Hinge Cutting: To Hinge or Not To Hinge

Hinge Cutting

Hinge cutting is somewhat considered the new ''sexy'' habitat strategy in the whitetail woods. With many hunters grabbing saws and aimlessly cutting any tree without any strategy involved, it has become a hot topic on internet forums. Here are a few tips and tricks we tend to share with our clients who ask about hinge cutting!

Should I Hinge?

The #1 question we receive when on a property visit is "Should I hinge cut?" I would say 50% of properties I see in northern Indiana could utilize hinge cutting. Here are some things we look for when deciding on hinge cuts:

-Can you see all the way through your woods in January? If so, you clearly have a low stem count issue due to lack of sunlight hitting your forest floor. Your canopy is clearly shading out your entire wood lot and needs improvement. There are 2 options, First we suggest accessing your timber value followed by hinge cutting. Timber harvest is always greater than hinge cutting for a property owner!

-Do you greatly need to improve bedding or food with the only option of cutting? Clearly hinge cutting is the best option, but with strategy. Know your travel cooridors, seek out potential great bedding sites by utilizing terrain changes, don't create bedding without having a solid entry/exit strategy in place.

Hinge Cut Methods

So you've decided to cut...now what? There are a couple different cuts that we like to utilize: screening or bedding. Here's how to do it:

-Screening: Screen cuts are generally cut as low on the tree as possible. Cutting low creates a barrier that deer cannot see through and they generally don't penetrate if done correctly. Deer don't bed in these cuts because they cannot easily see or escape predation. A great example of these cuts are to create access to stands.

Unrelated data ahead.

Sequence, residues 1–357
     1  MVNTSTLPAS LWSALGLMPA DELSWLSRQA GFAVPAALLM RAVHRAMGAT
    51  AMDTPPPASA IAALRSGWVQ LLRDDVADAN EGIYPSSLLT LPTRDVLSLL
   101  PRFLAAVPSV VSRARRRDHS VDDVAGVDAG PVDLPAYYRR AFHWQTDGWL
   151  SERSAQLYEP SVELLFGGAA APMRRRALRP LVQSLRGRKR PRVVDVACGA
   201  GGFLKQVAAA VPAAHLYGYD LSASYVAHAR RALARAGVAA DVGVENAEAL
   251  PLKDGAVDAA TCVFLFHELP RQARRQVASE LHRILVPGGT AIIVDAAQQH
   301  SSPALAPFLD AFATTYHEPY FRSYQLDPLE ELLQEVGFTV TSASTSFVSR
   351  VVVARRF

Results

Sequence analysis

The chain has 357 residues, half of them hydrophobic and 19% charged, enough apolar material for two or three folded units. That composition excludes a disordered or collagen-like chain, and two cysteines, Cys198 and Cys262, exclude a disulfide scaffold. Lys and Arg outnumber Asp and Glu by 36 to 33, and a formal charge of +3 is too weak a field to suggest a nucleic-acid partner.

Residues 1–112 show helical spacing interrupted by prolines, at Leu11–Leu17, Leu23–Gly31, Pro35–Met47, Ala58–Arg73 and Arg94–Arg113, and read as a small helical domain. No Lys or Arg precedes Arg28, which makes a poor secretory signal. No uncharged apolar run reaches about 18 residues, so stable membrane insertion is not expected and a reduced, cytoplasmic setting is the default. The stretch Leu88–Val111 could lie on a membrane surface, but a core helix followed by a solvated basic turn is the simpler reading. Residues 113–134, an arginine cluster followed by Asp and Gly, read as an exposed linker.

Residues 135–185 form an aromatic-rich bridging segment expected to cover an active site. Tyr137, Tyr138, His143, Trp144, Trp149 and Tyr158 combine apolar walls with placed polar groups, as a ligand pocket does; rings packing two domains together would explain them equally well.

-Bedding: Bedding cuts are generally knee to waist high. These cuts create a visual underneath that deer can easily access and have a view of their surroundings. (see image)


-SAFETY FIRST: I always suggest having 2 guys to hinge cut. Having products such as wedges or a habitat hook are very helpful in pushing trees where you want them. Barber Chairs and Kickbacks are common, so please stand clear and communicate when dropping trees. Having the proper attire and extra saws in case of a pinch is always suggested. 

-MANAGE YOUR CUTS: We check on our hinge cuts every year. When you create a space in the canopy, other trees will fight for that space to get more sunlight. Generally we will hinge cut the same area multiple times for this reason.Treat your hinge cuts similar to a food plot! Consider this, your trees are no longer reaching toward the sun for sunlight, so you need to make sure they are receiving adequate sunlight to survive. Trees WILL survive a good quality hinge cut if they are maintained with proper care. 

-NO HEAD HIGH CUTS: There is no reason for a cut head high or above. This is a very dangerous cut and results in injuries every year. 


Hinge cutting can be a phenomenal tool for the habitat manager executing a game plan. It can also be the exact opposite if done at random without proper technique and planning. When done properly, hinge cutting can be a game changer for holding deer on your property while providing food in the form of woody browse and cover for bedding.

If you have any questions concerning hinge cutting, please feel free to contact us!